HOAs and the ADA by Tracy Kinsella, Garfield & Hecht, P.C.
Does your HOA have a rental office? Does your HOA allow members of the general public to use or rent common areas such as party rooms, clubhouse or a pool area? Are any common areas used a polling place during an election? Is there an HOA walking path which the HOA allows members of the general public to use? If the answer to any of the above questions is yes, then your HOA is likely subject to the ADA.
The Americans with Disabilities Act, 42 USC § 12101, et seq., (“ADA”) is a federal civil rights law that prohibits discrimination against disabled persons. The ADA applies when property is open to the public, even if only for occasional and limited events. Conversely, if property is purely residential and not open to the general public, then that property is not subject to the ADA. The ADA’s “public accommodations” provision does not apply to homeowner associations unless the homeowner association’s facilities are open to the public.
The public accommodation, as defined by the ADA, is any facility that a HOA holds out for use by the general public as opposed to limiting use to owners/members and their guests. If any common area of the HOA is open to the general public, the HOA should be prepared that the ADA will apply and that the HOA may be required to make reasonable accommodations. Reasonable accommodations may involve installing ramps, elevators, lifts or removing stairs or other obstacles which impair access to the area.
In addition to the examples set forth in the first paragraph, a HOA’s building or premises may contain areas of commercial space such as restaurants, stores, salons and pool areas. Also, many HOAs have a rental office on site or use their parking lots for profit during local concerts and events. Again, if these areas are open to the general public, even if only for occasional and limited events, then such areas are places of public accommodation and compliance with the ADA will be required.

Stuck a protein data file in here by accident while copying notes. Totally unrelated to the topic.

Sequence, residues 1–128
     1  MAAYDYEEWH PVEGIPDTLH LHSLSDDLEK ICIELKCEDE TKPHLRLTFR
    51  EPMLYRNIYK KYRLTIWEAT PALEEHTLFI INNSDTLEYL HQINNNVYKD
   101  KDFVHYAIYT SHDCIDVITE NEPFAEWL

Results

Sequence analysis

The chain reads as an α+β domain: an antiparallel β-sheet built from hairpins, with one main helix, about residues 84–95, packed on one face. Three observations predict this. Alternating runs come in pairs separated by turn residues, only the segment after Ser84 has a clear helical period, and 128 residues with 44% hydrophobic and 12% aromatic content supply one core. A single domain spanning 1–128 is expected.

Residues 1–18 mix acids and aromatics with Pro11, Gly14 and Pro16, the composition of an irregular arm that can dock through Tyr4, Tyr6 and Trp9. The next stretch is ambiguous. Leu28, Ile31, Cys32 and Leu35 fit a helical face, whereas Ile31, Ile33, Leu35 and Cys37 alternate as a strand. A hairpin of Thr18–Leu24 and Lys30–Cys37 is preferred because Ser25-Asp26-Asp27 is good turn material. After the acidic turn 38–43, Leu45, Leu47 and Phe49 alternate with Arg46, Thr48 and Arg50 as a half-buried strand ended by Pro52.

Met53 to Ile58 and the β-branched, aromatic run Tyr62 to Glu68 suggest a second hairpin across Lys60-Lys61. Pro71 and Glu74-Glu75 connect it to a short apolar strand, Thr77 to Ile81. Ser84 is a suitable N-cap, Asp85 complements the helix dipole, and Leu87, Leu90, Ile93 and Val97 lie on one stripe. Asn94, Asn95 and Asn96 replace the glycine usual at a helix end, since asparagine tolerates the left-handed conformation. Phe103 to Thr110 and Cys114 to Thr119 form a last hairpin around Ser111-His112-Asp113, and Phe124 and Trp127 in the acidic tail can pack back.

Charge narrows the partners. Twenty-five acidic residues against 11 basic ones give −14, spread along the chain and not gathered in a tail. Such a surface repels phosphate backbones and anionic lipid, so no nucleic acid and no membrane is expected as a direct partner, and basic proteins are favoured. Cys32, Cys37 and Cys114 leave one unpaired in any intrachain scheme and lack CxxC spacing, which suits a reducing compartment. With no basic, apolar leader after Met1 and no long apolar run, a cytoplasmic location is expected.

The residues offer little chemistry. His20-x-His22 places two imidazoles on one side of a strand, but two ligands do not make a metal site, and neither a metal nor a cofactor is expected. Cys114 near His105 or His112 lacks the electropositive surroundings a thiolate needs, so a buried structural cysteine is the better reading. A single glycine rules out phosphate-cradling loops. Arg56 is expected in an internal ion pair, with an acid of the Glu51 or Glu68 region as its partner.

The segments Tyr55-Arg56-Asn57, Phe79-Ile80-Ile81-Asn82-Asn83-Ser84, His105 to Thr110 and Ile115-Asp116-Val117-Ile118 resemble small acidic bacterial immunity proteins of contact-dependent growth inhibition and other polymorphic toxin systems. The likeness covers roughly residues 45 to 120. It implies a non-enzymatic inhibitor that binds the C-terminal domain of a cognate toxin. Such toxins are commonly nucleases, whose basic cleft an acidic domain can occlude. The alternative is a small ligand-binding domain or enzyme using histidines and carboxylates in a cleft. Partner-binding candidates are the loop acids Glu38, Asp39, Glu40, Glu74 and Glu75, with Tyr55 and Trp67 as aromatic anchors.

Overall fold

An area that few HOAs, which are subject to the ADA, fail to consider is their website. The ADA requires certain businesses to make accommodations for people with disabilities. Website content may need to be accessible to deaf users, blind users and other users which navigate by voice, screen readers or other assistive technologies. In the event that there are unit rentals advertised on your HOA’s website, the website needs to be complaint. If an ADA compliant website is required, the developer of the HOA website should be contact to assist with ADA compliance measures.
HOAs that have areas of public accommodations should consider an ADA audit to determine if the areas in question comply with ADA requirements. If there is non-compliance, addressing the problem may be of nominal costs or there may be an exception. HOAs should determine if there is insurance coverage for ADA claims. The risk to HOAs of non-compliance can be substantial if a claim is made by a handicapped person as to lack of access or worse if there is an injury.
If the HOA does not want to be subject to the ADA, the HOA must be sure that it does not make a decision or perform an act which will create a place of public accommodation. It is advisable that parking lots contain signs identifying it as private parking and that amenities which may appear open to the public to install barriers and signs to deter entry.
For additional information or guidance regarding the applicability of the ADA to homeowner associations, we have several experienced attorneys ready to assist you.